Contestation and Adaptation: The Politics of National Identity in China
Dr. Enze Han, Lecturer at the Department of Politics and International Studies, SOAS, University of London
4-6pm, Wednesday 11 December
Room K-1.14, King's Building, Strand Campus
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Simmering grievances and occasional outbursts of social unrest among ethnic minority populations in China challenge not only the ruling party's legitimacy and governance, but also contemporary Chinese national identity and the territorial integrity of the Chinese state. However, of the fifty-five ethnic minority groups in China, only the Tibetans and Uyghurs have forcefully contested the idea of a Chinese national identity. Tackling this question, This paper compares the way five major ethnic minority groups in China negotiate their national identities with the Chinese nation-state: Uyghurs, Chinese Koreans, Dai, Mongols, and Tibetans. The talk hopes to shed light on the nation-building processes in China over the past six decades and the ways that different groups have resisted or acquiesced in their dealings with the Chinese state and majority Han Chinese society.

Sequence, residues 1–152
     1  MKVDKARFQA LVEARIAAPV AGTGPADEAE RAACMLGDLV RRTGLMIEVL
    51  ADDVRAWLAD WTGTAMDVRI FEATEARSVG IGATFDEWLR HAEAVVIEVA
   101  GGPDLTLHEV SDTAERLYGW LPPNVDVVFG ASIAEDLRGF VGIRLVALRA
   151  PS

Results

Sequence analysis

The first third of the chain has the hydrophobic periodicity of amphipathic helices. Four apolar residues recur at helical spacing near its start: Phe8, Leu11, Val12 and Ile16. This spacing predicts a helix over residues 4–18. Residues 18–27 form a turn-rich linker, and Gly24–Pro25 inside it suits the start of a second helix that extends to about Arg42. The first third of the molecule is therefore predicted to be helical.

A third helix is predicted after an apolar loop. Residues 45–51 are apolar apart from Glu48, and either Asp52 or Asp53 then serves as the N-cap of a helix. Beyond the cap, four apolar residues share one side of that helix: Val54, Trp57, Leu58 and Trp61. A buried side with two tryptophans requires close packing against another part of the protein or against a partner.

Dr. Enze Han is a lecturer at the Department of Politics and International Studies, SOAS, University of London. He received his PhD in Political Science from George Washington University. His research interests include ethnic politics in China and China's foreign relations, especially with Southeast Asia.